But Orr said many are cynical of the process because the federal government announced changes to legislation like the Fisheries Act, Environmental Assessment Act and Navigable Waters Protection Act and even announced a new salmon farm while Cohen was still doing his job.
Members of the West Coast Trollers Area G Association are also skeptical about the process, said Kathy Scarfo, the group's president.
She said her members have been prevented from participating in the Fraser River fishery, even in 2010 when a record run of 25-million sockeye returned in 2010 to the Fraser River.
Scarfo even questioned whether there's been an actual decline in the sockeye runs because salmon are cyclical.
Nonetheless, Scarfo said members participated because they thought the process was important, but what they saw reflected poorly on the department.
"Everything else within the Department of Fisheries and Oceans stopped during the inquiry because they reallocated all their resources to that inquiry, and it wasn't to try assist the inquiry in finding the solutions but it was basically to block," she said. "I mean so much time was spent with them just blocking access to documents."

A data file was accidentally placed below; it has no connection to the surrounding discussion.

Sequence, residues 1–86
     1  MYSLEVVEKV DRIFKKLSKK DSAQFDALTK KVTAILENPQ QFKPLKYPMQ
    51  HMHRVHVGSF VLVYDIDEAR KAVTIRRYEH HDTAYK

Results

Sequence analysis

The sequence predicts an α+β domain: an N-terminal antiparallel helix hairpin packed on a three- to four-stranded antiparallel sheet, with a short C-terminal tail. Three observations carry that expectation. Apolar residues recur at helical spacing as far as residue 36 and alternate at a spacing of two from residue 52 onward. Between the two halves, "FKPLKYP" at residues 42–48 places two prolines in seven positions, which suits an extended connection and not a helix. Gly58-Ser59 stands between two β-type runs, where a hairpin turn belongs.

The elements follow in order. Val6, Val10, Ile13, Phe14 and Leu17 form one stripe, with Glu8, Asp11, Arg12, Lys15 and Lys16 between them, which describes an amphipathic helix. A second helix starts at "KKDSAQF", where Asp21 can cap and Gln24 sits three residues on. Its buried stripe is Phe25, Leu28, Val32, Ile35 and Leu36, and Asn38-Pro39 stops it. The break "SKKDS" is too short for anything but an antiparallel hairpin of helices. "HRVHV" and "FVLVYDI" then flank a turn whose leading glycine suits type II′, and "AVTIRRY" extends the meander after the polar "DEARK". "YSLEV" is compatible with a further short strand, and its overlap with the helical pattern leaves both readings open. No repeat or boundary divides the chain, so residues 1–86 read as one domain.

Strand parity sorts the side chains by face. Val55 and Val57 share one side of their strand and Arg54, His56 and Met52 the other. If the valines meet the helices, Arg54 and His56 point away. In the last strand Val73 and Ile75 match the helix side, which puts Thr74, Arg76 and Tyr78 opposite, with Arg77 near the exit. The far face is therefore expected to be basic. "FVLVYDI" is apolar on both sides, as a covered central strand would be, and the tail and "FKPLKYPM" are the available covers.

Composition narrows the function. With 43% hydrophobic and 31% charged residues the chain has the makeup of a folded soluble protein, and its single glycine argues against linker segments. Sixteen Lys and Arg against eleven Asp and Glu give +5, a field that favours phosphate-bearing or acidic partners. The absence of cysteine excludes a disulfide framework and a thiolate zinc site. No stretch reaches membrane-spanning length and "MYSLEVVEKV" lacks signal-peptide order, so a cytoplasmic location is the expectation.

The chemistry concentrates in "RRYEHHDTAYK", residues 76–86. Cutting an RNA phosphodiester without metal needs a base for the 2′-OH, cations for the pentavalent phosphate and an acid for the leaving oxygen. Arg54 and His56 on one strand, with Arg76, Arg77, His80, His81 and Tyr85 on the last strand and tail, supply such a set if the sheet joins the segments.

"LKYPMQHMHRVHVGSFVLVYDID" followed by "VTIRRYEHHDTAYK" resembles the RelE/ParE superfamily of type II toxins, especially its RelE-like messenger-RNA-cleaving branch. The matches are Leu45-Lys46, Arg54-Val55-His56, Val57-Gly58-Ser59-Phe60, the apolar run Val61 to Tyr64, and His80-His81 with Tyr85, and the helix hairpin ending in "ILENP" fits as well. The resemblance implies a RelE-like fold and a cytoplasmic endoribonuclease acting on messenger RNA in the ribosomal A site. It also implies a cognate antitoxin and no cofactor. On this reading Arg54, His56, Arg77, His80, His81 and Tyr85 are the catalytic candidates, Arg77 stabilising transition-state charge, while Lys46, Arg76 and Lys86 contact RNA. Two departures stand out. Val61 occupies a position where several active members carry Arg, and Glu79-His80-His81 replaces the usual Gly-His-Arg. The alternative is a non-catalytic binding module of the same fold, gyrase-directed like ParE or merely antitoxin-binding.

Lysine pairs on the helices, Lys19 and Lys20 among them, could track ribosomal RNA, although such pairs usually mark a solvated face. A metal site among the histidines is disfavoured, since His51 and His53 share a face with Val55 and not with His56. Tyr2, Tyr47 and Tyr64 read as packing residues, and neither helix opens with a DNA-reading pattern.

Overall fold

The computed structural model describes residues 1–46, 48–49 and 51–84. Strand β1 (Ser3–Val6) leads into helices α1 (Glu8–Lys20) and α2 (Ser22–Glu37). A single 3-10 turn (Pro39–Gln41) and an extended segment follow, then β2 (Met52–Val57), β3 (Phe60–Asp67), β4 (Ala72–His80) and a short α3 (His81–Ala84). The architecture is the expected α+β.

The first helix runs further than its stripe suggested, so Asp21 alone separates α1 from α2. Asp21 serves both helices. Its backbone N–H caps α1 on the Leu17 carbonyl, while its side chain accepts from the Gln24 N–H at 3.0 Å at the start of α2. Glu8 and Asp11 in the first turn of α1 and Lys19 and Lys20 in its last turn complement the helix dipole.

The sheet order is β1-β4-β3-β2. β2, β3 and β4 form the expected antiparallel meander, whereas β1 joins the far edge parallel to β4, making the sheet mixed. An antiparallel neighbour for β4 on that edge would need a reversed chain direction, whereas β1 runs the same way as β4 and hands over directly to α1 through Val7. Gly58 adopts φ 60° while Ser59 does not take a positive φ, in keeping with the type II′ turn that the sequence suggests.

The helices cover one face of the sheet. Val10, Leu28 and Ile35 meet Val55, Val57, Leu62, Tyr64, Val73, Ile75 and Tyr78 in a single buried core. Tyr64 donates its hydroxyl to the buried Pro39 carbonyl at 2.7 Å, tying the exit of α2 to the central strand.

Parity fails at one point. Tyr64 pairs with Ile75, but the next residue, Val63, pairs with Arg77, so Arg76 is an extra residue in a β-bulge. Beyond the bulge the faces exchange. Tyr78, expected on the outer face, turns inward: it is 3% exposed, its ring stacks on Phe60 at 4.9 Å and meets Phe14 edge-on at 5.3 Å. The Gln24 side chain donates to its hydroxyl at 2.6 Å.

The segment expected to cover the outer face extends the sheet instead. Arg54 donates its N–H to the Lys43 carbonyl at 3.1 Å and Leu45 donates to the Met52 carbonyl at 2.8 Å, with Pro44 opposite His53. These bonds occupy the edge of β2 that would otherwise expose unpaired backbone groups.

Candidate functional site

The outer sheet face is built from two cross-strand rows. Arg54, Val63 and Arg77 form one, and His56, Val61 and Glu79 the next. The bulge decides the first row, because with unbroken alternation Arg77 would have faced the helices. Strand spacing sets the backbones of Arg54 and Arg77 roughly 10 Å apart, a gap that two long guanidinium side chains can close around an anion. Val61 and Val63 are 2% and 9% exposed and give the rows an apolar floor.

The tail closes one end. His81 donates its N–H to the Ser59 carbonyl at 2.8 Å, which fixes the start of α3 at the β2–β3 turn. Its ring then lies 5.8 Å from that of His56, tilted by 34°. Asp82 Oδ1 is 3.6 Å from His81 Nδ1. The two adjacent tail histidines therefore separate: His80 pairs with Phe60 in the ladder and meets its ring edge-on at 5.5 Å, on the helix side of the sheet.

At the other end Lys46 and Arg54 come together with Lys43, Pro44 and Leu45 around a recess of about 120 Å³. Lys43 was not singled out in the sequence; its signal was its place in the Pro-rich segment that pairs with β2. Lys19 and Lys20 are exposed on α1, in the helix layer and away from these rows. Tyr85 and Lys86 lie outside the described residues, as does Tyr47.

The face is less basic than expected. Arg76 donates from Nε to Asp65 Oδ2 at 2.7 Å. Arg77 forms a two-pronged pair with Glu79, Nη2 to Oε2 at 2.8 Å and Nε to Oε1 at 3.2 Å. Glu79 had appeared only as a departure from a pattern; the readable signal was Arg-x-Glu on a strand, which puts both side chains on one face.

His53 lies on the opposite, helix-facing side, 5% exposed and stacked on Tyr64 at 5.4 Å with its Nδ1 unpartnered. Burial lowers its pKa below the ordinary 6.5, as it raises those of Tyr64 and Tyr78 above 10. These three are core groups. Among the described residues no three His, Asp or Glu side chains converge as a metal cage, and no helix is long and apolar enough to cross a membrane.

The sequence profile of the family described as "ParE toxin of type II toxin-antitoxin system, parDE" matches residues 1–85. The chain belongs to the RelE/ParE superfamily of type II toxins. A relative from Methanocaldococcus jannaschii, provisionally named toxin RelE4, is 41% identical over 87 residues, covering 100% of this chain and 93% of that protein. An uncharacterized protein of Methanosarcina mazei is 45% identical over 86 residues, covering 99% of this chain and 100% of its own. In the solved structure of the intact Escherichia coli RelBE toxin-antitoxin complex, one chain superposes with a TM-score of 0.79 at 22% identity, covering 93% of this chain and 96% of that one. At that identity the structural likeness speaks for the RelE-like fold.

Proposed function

Her biggest concern, said Scarfo, is the report will reflect what DFO wants, and that's the rearranging, reorganizing and reallocating of the commercial fishery, not rebuilding stocks.
Phil Eidsvik, who represents the B.C. Fisheries Survival Coalition and Southern Area E Gillnetters Association, said much of the evidence put before the commission showed the problem was the management of the fishery, with some exceptions.
"But as a general rule, the chaos comes from inside DFO, not from the oceans and waters and lakes and rivers."
Eidsvik said while some runs remain in good shape, others aren't, and he said the commission never answered who has been fishing and who hasn't, and what fishery was responsible for any declines.
"That was a source of frustration for us," he said.